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Understanding Root Cause Analysis in the Business Environment

Checklist Description

This checklist presents a brief guide to root cause analysis, outlining how the method works and examining some potential uses.

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Root cause analysis (RCA) is a process of investigating and determining the root cause of specific problems with the intention of building and implementing a solution that will prevent a reoccurrence of the problem. RCA focuses on underlying issues rather than the specific symptoms of problems, with the consequence that its use to analyze a relatively minor undesirable event that has already occurred can expose previously unrecognized vulnerabilities from which a much more serious problem could arise in the future. RCA aims to help managers to answer questions such as what went wrong, how it went wrong, and, most importantly, why it went wrong. In addition to identifying unseen operational hazards, RCA can also have applications in improving business processes by flagging inadequate or over-zealous control mechanisms.

In its most basic form, RCA initially requires some formalization of undesirable results, such as the basic problem of a failure or weakness that has been exposed. Then facts with any possible relevance to the issue are collected, such as where the problem appeared and the circumstances surrounding the incident. A list of all possible sources of the problem should be compiled at this stage. Next, a chart is created to demonstrate graphically how the event on the chart’s heading can be linked to the circumstances present at the time of the failure. Brainstorming can frequently be utilized at this stage to help ensure that all possible causes are included in the analysis. At all stages, questions should be posed to challenge assumptions, particularly “why” questions in relation to the fundamental causes of the problem. Then the reasoning behind the list of all possible causes should be rechecked, with all those which don’t stack up being rejected and eliminated from the chart. Finally, results that fit with both root and proximate causes should be created, and a series of recommendations produced that offer solutions and/or corrective actions.

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  • Root cause analysis can help executives to understand how and why a wide range of undesirable events—from minor operational difficulties to potentially catastrophic failures—occur, helping them to take action to avoid the problem in the first place.

  • RCA aims to tackle the fundamental causes of the problem, rather than just papering over inadequacies by performing a patch to fix that specific problem.

  • The process can highlight underlying operational shortcomings which, if left unaddressed, could result in more serious future problems.

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  • RCA charts can become highly complex because of the level of detail that can be analyzed in an attempt to find a solution.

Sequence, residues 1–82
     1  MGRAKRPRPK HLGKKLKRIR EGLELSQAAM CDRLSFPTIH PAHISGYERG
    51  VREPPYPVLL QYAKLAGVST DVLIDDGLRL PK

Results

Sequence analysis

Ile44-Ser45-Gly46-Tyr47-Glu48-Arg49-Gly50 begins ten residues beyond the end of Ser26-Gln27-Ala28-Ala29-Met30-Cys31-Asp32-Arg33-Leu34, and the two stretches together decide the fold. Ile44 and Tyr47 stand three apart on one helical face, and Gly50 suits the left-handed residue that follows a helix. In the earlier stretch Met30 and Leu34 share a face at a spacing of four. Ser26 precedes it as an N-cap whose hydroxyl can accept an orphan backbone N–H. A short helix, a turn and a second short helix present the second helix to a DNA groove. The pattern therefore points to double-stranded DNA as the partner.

• In practice, some problems may have their origins spread across a range of process inadequacies. Some of the simpler RCA investigations work on the assumption that a problem has a single underlying cause.

  • Some managers may interpret the conclusions of RCA as a criticism of the way they perform their jobs—for example, if a persistent power system failure is deemed to result from poor maintenance, this could reflect badly on those responsible for allocating the maintenance budget.

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Action Checklist

  • Involve a wide range of employees in the RCA process. A production worker, for example, may be able to offer insights into potential process weaknesses which an office-based manager may fail to identify.

  • Repeatedly ask “why?” in relation to the way things are done. A basic approach to RCA suggests that the question should be posed at least five times to drill deep in the search for flawed assumptions or logic.

  • Be prepared to “tread on toes” to question assumptions, as this may be the most rigorous means of ultimately finding the root of the problem.

  • However, acknowledge that people are at the heart of processes and that modifying behavior may therefore be the key to success.

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Dos and Don’ts


  • During the analysis process, probe common assumptions by asking questions such as who, what, and why.

  • Ensure that all analysis conducted during the process is truly rigorous; be aware of the possibility that subjective analysis will be presented to support the outcomes favored by one or more parties within the organization.


  • Don’t expect the “silver bullet” of a single conclusion to fully address the problem. In many cases, the root cause of a problem can be multiple in nature;

  • Don't expect the conclusions of a RCA process to be welcomed by all; in practice, one or more company departments—including specific individuals within those units—may be directly linked to the failings.

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Further reading


  • Latino, Robert J., and Kenneth C. Latino. Root Cause Analysis: Improving Performance for Bottom-Line Results. 3rd ed. Boca Raton, FL: CRC Press/Taylor & Francis, 2006.
  • Vanden Heuvel, Lee N., et al. Root Cause Analysis Handbook: A Guide to Efficient and Effective Incident Investigation. 3rd ed. Brookfield, CT: Rothstein, 2008.


  • Doggett, Mark A. “Root cause analysis: A framework for tool selection.” Quality Management Journal 12:4 (October 2005): 34–45. Online at: [PDF].
  • Okes, Duke. “The human side of root cause analysis.” Journal for Quality and Participation 31:3 (October 2008): 20–29. Online at: [PDF].


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